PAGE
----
Whether you own a Syrian hamster or a dwarf hamster, one thing is for sure; you need a safe and secure space for it to call home. Hamster cages come in many different shapes and sizes, leaving plenty of questions for owners.
In this article, we’ve rounded up some very good hamster cages that we feel you and your hamster will be delighted with. Later we bring you a guide to hamster cages and hope that when you’re done reading all of your questions have been answered.
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The Best Hamster Cages
- 1 The Best Hamster Cages
- 2 A Guide to Hamster Cages
- 3 Conclusion
Picking up a great looking cage from the store doesn’t necessarily mean it’s going to be good. In an attempt to save you some time and effort we’ve rounded up what we believe to be the best hamster cages available to date.
Here’s a list of the five best hamster cages around which we’re sure you’ll love.
Kaytee CritterTrail Small Animal Super Habitat (Top Pick)
We’re pleased to introduce you to the spacious and comfortable CritterTrail habitat from Kaytee. At 540 square inches, your hamster will get more than enough room in this cage. The secure enclosure has a quarter-inch of spacing between the bars helps to keep your hamster where it needs to be.
You get a shelf and a ramp as well as top entry to the cage for quick and easy access. You also get a bubble plug, port door connector, and can connect it to other Kaytee accessories to expand it. This is a brilliant cage on the whole and one we’d recommend for anyone that wants a luxury hamster home.
Ferplast Favola Hamster Cage (Best Syrian Hamster Cage)
Next up we’ve got the perfect package cage. The cage itself is excellent but comes with a nest, bowl, water bottle and a wheel. This makes it a great option for new hamster owners that want an “all in one” package. This is a cage designed specifically for hamsters, with connection caps allowing you to connect it to other habitats.
The plastic is durable as well as easy to clean. You get a great level of access to the interior through the top door. The two-tier structure allows your hamster to play wherever it pleases within the cage through use of the interconnecting ladder. This package set is very good value for money and has everything you need to provide a hamster with a home. Due to its excellent ventilation and plastic base, we consider this to be the best cage for Syrian hamsters out of all the cages we reviewed.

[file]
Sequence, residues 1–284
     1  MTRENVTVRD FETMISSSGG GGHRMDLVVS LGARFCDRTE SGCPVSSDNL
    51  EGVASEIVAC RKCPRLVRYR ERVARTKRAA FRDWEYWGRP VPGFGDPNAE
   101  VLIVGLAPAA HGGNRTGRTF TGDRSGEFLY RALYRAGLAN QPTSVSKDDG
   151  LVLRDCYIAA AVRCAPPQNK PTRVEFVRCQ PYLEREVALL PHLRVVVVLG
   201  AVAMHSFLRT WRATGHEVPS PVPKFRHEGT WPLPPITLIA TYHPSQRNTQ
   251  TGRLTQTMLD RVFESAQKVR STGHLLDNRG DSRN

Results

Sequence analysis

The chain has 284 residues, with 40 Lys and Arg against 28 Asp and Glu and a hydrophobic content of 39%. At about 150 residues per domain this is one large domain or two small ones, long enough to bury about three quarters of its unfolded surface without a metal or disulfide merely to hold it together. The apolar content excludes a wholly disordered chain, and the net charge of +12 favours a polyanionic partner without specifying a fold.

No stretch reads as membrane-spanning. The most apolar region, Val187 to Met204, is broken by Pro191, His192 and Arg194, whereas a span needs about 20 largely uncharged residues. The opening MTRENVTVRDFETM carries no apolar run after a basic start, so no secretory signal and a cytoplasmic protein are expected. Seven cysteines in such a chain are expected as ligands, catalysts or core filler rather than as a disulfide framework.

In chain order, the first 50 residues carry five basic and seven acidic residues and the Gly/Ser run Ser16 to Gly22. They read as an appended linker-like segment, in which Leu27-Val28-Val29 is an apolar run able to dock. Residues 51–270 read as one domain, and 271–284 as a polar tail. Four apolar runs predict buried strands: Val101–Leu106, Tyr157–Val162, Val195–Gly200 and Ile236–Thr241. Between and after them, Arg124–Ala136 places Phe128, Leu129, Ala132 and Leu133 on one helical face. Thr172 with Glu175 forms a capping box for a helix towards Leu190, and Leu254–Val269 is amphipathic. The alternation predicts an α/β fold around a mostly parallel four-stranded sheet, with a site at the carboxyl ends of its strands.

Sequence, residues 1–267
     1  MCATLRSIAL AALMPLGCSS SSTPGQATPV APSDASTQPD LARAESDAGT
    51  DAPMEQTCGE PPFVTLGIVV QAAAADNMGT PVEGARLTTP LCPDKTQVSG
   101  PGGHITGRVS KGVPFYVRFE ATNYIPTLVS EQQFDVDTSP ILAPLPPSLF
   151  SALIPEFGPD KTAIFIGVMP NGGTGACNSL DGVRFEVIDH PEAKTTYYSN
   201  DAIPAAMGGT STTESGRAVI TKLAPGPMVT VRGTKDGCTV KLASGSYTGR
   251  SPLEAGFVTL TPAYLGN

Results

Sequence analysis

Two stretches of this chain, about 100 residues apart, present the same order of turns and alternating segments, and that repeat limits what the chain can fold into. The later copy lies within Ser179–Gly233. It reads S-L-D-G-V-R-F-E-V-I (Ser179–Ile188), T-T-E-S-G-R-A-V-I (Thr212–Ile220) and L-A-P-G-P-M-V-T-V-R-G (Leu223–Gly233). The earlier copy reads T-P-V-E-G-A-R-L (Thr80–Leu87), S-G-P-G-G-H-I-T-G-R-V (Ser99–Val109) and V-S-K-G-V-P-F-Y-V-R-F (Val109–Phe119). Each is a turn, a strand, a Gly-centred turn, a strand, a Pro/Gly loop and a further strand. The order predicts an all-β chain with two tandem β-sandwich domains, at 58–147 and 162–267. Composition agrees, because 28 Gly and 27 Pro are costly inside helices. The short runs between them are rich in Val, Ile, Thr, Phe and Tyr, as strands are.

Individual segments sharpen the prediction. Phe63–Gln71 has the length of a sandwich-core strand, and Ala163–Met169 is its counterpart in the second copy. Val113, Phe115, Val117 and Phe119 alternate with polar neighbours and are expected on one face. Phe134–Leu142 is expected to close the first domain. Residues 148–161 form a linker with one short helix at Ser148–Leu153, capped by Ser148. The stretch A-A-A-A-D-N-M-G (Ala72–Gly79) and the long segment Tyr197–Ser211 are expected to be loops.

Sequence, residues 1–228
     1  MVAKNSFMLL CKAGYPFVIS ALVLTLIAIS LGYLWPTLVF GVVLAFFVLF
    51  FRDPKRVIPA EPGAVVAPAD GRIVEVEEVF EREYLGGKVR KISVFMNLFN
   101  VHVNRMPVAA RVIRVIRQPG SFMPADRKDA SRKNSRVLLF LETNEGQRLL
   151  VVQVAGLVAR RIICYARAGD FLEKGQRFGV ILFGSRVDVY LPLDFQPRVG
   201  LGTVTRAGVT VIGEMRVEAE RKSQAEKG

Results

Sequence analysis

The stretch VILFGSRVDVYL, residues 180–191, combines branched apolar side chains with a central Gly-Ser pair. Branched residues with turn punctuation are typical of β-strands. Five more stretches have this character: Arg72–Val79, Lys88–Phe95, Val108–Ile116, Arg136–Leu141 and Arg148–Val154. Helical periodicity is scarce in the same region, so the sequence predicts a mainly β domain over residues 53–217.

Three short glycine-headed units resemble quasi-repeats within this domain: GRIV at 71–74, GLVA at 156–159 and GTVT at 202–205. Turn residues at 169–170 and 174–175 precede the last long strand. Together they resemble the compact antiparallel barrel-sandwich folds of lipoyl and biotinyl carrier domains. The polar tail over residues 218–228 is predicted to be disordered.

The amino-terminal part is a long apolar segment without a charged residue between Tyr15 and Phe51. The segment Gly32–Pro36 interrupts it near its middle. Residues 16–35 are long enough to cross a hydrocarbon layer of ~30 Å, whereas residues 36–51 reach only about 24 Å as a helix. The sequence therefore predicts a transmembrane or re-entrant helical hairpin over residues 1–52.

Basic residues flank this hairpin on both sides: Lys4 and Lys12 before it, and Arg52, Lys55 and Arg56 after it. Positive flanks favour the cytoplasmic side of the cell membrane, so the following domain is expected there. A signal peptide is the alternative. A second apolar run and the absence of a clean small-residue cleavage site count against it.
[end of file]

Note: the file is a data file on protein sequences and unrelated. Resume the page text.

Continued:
Ferplast Laura Hamster Cage (Best Dwarf Hamster Cage)
This is another eye-catching option from Ferplast, which is as colorful as it is comfortable for your hamster. The standout feature of this cage is the tunnel system leading from the lower tier to the top tier. It’s great fun for your little friend and an exciting way for them to get around the cage.
A trait with Ferplast cages is the inclusion of all the accessories a hamster could need. This includes a food bowl, bottle, nest, wheel and tubes. You also get the capability to attach the cage to other habitats. Overall, it’s another excellent cage from Ferplast and one that will bring your hamster endless fun. This is recommended as our best dwarf hamster cage.
Prevue Pet Products Orange Hamster Haven
Here we’ve got a top draw cage from Prevue Pet. It’s got multiple levels, which means additional space for exercise and play. Included with the cage comes a platform, ramp, wheel and a dome.
There are two ways to get into the cage, through the front door as well as the top compartment. This makes it easy to clean as well as easy to access your hamster. This three-floor habitat offers plenty of room for fun and games and is an excellent choice of cage for a hamster.
IRIS Deluxe Hamster Cage
This is a multi-level hamster cage with excellent visibility throughout. Thanks to the clear plastic, you get a great view of your hamster. The wire structure works in providing plenty of ventilation. This comes with a bottle, food bowl, a wheel and a slide.
It’s easy to access with a dual opening top. This allows you to put your hamster in or take it out of the habitat with ease. Despite its largely clear plastic design its very durable while being lightweight. This makes it a great for those of you needing something easy to transport.
A Guide to Hamster Cages